• Jonathan Bush, CEO of athenahealth, touched on the disconnect between potential and reality in the healthcare technology ecosystem. During a discussion about the promise of artificial intelligence, he reminded the crowd about the current state of data automation and transmission in the community — his clients alone still get eight-million faxes a week. His point was that technologies should first operate at a very rudimentary level to have broad impact. In terms of data handling, his software has over 90 descriptions just for blood count/CBC, and even more types of appointment scheduling data elements than the ICD-10 code lexicon. The lack of semantic interoperability is limiting. One proposal was that AI could be much more effectively aimed at the super low end of routine visual diagnosis (using radiology as the example) because that’s where its reliability could produce the most immediate positive return.
  • Sue Siegel, CEO of GE Ventures, discussed approaching healthcare evolution as hyper local. As a large self-insured employer, GE has begun to self-assemble and self-direct programs for assessing the impact of promising interventions that reduce cost and improve the health of their built-in target employee populations (the company spends three billion annually on healthcare for its employees). While deciding on metrics is ongoing, their discoveries include finding that physician-centered medical care is most effective, interoperable systems that leverage big data do benefit providers (though they’re not yet evolved enough to include patient participation), and that evaluating solutions associated with specific geographical populations has measurable impact (Houston, for example, addressing obesity, and Cincinnati targeting pediatric asthma).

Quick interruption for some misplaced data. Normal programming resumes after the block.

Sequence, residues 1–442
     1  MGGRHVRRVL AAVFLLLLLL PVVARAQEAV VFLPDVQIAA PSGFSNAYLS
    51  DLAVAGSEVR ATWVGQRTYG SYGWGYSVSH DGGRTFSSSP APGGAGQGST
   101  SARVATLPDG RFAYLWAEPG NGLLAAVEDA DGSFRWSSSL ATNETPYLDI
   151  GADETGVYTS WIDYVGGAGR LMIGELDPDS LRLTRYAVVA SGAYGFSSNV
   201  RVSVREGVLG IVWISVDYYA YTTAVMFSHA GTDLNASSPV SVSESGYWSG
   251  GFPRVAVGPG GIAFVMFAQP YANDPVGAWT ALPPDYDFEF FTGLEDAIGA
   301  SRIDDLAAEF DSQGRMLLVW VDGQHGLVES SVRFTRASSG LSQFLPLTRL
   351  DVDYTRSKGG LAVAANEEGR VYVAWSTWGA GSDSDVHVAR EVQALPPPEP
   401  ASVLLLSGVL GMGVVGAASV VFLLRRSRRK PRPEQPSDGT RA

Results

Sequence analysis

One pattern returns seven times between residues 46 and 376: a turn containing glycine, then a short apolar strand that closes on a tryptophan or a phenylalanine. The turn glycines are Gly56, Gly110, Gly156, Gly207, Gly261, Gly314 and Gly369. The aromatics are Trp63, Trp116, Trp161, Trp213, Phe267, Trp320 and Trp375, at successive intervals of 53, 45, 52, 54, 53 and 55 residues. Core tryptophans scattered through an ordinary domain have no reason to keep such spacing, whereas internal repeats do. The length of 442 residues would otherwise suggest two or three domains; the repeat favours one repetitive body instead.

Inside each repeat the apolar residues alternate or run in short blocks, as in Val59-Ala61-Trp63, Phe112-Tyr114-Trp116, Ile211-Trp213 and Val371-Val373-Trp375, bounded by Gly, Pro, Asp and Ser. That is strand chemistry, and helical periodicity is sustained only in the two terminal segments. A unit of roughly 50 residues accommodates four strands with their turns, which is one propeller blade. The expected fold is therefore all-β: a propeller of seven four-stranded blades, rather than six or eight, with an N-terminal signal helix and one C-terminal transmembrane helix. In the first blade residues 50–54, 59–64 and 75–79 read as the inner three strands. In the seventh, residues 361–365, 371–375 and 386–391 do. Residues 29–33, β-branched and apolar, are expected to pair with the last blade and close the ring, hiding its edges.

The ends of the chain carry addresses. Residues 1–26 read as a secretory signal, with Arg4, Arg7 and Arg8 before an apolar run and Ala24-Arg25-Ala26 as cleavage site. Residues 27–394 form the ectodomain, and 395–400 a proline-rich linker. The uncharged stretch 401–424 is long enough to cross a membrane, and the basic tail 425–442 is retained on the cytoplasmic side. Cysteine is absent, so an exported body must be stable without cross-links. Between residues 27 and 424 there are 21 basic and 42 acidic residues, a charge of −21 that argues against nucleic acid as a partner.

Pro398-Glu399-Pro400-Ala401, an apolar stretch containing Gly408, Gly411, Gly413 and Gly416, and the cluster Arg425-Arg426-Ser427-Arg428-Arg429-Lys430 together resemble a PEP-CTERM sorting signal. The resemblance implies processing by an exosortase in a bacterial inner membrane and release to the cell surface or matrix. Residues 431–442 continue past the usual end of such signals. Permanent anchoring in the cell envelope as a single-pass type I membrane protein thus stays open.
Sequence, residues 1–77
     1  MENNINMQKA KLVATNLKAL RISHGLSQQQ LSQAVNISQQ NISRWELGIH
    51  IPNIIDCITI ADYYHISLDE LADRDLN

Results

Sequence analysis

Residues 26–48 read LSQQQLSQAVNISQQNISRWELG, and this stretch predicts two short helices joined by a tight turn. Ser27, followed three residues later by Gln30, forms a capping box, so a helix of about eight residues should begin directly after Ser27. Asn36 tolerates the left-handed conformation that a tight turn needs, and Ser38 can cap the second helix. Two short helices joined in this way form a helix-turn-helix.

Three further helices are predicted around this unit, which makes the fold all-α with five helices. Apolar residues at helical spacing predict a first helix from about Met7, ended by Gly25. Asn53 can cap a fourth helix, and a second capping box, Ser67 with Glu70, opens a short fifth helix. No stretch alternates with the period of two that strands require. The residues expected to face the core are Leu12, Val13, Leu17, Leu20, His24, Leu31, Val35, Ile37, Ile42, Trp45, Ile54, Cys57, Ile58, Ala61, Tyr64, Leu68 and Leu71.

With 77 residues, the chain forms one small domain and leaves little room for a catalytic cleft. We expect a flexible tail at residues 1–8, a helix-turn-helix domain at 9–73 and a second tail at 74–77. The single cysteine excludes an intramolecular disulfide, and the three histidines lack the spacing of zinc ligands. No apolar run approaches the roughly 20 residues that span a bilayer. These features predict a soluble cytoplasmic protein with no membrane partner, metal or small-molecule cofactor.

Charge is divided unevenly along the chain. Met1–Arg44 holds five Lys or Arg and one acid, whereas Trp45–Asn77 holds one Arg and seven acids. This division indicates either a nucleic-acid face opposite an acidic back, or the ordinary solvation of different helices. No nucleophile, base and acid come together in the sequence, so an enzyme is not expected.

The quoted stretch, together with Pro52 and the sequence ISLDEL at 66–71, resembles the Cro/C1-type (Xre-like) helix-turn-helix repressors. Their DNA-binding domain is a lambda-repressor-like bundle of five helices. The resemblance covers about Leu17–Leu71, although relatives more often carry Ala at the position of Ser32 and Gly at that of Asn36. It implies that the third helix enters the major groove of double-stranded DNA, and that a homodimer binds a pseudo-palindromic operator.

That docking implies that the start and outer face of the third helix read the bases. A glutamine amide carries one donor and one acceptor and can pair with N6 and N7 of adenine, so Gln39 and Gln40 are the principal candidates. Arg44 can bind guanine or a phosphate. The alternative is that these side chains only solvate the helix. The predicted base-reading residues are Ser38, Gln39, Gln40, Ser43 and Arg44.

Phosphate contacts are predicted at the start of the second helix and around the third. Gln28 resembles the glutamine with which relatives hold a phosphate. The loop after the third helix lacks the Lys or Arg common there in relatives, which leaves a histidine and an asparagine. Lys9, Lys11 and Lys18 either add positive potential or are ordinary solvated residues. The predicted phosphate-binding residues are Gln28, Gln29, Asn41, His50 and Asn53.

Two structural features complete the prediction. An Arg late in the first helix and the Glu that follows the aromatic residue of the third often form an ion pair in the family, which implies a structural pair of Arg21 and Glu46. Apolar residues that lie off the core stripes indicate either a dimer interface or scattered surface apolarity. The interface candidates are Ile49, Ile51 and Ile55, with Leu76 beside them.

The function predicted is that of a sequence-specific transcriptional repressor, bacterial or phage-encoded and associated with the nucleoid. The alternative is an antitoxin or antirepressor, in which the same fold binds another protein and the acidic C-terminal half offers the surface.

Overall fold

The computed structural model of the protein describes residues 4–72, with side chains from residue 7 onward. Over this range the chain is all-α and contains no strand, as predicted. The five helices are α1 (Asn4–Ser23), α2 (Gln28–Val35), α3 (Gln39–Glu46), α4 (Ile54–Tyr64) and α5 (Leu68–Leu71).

I encountered well-reasoned and like-minded analysis, as all these themes are central to the mission of H2047 and allow for the bridge-building that needs to be going on between healthcare experts and technology trailblazers. The patient-physician relationship is the special lens through which my colleagues and I view these same issues and the unique perspective from which we contribute to the innovation ecosystem.  It’s clear that none of us can do this alone, but through partnerships, collaboration, and joint problem solving, a brighter healthcare future will be realized.

— Doug Given is Board Director at Health2047.